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Sun scorch vs. fertilizer burn

Posted by Midwestener none (My Page) on
Tue, Jul 24, 12 at 17:13

I am new to gardening. I planted a weigela shrub last spring on the south side of a structure. It gets no shade until about 6:00 P.M. I fertilized it every two weeks with Miracle Grow liquid plant food at 1 tbsp. per 1 gallon of water, but I did not apply the entire gallon to the shrub. I did this for 8 weeks. Now this shrub is getting brown leaves down inside the plant and also getting burnt tips sporadically on the outer leaves. I stopped using the fertilizer about three weeks ago, and have been deep watering just about every day, but the leaves that are brown on the tips keep getting browner and browner until the entire leaf is dead. Some of the smaller twigs inside of the shrub have been defoliated.
We have also had sustained drought and 100+ temps here as in most parts of the country.
So, does anyone know if this is fertilizer burn or sun scorch, and will the shrub recover next spring from either one? Is there anything else I can do to help this plant?

Follow-Up Postings:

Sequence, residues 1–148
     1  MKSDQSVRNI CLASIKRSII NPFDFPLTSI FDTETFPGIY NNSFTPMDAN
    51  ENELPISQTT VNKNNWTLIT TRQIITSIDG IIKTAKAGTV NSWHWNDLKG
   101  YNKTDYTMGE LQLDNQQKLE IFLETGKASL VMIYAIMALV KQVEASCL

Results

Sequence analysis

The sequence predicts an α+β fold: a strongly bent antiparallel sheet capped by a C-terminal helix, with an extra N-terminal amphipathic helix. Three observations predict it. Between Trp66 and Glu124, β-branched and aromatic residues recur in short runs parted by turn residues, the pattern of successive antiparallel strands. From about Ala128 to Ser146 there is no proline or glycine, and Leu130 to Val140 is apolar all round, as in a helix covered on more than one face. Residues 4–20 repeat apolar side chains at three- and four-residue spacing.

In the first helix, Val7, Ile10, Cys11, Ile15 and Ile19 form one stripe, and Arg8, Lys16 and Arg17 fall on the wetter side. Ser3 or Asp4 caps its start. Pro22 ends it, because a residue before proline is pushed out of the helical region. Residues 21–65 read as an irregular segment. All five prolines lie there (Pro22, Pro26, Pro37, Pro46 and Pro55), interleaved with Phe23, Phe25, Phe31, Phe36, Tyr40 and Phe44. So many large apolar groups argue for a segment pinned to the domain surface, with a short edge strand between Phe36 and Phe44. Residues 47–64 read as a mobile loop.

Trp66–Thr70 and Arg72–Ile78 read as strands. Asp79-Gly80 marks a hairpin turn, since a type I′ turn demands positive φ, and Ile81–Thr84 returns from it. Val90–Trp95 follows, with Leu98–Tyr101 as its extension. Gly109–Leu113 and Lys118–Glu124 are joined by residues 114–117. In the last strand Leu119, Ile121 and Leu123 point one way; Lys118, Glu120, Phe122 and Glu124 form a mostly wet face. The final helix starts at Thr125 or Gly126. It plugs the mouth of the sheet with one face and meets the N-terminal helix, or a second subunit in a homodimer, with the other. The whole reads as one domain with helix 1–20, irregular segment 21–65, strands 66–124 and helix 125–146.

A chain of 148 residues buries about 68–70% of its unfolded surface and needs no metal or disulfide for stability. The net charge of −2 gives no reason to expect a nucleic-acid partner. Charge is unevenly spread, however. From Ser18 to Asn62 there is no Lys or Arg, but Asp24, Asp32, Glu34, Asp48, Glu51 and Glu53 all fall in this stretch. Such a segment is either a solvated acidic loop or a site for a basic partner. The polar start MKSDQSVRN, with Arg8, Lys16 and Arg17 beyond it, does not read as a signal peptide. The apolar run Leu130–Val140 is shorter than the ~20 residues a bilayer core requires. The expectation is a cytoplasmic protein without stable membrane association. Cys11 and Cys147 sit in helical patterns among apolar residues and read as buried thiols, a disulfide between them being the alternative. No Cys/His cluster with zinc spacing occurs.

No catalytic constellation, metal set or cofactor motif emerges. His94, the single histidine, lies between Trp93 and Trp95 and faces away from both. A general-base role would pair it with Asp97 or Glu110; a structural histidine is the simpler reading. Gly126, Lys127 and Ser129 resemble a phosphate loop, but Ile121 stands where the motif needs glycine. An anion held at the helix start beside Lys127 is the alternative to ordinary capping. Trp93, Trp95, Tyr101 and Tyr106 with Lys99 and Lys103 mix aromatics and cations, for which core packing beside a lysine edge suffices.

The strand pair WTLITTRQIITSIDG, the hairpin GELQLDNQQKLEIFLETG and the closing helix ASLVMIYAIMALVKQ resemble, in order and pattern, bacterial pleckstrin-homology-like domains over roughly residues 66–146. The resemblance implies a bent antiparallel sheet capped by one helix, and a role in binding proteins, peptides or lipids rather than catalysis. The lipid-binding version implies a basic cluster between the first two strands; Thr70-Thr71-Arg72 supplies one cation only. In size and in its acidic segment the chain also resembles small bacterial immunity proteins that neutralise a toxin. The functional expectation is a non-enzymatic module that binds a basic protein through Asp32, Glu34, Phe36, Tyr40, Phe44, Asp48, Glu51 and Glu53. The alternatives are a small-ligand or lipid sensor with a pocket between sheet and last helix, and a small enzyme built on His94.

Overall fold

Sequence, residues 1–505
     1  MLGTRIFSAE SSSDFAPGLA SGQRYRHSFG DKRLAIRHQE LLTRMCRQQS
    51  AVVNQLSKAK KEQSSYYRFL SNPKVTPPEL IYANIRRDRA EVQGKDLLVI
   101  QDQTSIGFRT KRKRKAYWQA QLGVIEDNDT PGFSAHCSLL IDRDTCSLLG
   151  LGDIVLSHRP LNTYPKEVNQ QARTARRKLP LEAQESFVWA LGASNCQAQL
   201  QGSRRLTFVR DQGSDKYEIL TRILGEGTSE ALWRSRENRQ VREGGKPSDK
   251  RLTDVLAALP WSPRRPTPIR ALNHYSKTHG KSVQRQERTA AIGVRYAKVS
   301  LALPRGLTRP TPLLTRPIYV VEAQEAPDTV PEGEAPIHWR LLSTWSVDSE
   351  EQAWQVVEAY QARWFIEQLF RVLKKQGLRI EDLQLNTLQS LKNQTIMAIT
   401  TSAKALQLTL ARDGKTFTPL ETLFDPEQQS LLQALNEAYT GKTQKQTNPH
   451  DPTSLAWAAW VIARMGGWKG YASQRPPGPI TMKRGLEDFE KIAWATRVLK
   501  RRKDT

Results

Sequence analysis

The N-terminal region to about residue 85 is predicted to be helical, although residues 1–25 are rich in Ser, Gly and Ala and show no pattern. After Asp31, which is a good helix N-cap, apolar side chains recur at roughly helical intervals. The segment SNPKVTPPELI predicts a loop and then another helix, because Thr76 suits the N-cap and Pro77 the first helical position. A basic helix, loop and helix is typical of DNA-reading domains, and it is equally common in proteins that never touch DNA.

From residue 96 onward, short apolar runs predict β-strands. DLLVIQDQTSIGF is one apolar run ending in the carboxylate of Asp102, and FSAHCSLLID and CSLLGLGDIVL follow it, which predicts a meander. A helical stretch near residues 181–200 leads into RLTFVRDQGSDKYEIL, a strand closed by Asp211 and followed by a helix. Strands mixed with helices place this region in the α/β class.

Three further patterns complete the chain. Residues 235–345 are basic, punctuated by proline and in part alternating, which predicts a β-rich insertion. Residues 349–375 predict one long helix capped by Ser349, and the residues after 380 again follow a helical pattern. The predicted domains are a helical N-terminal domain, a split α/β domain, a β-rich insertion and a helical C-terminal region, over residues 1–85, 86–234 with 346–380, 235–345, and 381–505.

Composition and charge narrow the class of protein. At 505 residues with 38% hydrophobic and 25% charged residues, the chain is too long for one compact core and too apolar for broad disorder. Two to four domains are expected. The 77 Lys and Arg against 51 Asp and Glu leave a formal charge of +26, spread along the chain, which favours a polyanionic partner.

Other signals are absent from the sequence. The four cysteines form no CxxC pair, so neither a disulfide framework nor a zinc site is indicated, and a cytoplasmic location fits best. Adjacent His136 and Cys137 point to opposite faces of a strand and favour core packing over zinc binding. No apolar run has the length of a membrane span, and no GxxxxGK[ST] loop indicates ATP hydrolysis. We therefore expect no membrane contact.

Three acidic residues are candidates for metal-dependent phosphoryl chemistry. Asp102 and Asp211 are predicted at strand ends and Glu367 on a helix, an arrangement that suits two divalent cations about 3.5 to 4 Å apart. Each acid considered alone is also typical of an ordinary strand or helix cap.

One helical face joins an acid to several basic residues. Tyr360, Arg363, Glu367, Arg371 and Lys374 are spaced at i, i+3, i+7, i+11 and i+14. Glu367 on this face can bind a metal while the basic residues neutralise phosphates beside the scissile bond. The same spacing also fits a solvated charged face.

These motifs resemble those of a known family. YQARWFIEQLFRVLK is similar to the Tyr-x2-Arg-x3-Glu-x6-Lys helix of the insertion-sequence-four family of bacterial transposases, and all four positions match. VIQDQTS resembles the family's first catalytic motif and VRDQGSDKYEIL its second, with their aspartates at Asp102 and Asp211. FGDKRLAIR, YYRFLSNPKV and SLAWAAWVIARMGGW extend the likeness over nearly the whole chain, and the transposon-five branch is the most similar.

RE: Sun scorch vs. fertilizer burn

Sounds like it may be overwatering damage. Are you able to show a picture? Nothing should need deep watering every day unless it's a bog plant in full sun.

RE: Sun scorch vs. fertilizer burn

  • Posted by carrieb 7 Philadelphia (My Page) on
    Sun, Jul 29, 12 at 20:03

Where I am, Weigela is a part sun plant - full sun until six would be way too much. It also sounds like too much fertilizer and too much water, all which would serve to stress the plant.

RE: Sun scorch vs. fertilizer burn

If you check plant encyclopedias, both online and in print, I think you will find most of them indicate weigela is tolerant of full sun to partial shade. Provided it is given sufficient water, any but the yellow/chartreuse or heavily variegated leafed forms should be able to tolerate full day sun (8+hours) without issue.

Burnt leaf tips typically indicates an excess of fertilizers; yellowing/dropping of interior foliage typically denotes overwatering. I'd cut back on both. FWIW, watering infrequently but quite slowly and deeply when you do is far better than frequent short bursts. And woody plants seldom ever need supplemental fertilizing and never when you first plant them.

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